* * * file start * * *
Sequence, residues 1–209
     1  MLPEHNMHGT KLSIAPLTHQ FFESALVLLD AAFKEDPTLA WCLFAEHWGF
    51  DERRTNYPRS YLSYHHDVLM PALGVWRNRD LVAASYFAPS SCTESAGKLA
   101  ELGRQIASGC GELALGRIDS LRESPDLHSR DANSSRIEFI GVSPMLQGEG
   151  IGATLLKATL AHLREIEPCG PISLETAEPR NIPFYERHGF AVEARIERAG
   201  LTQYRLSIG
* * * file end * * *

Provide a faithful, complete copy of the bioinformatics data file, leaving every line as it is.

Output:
Sequence, residues 1–209
     1  MLPEHNMHGT KLSIAPLTHQ FFESALVLLD AAFKEDPTLA WCLFAEHWGF
    51  DERRTNYPRS YLSYHHDVLM PALGVWRNRD LVAASYFAPS SCTESAGKLA
   101  ELGRQIASGC GELALGRIDS LRESPDLHSR DANSSRIEFI GVSPMLQGEG
   151  IGATLLKATL AHLREIEPCG PISLETAEPR NIPFYERHGF AVEARIERAG
   201  LTQYRLSIG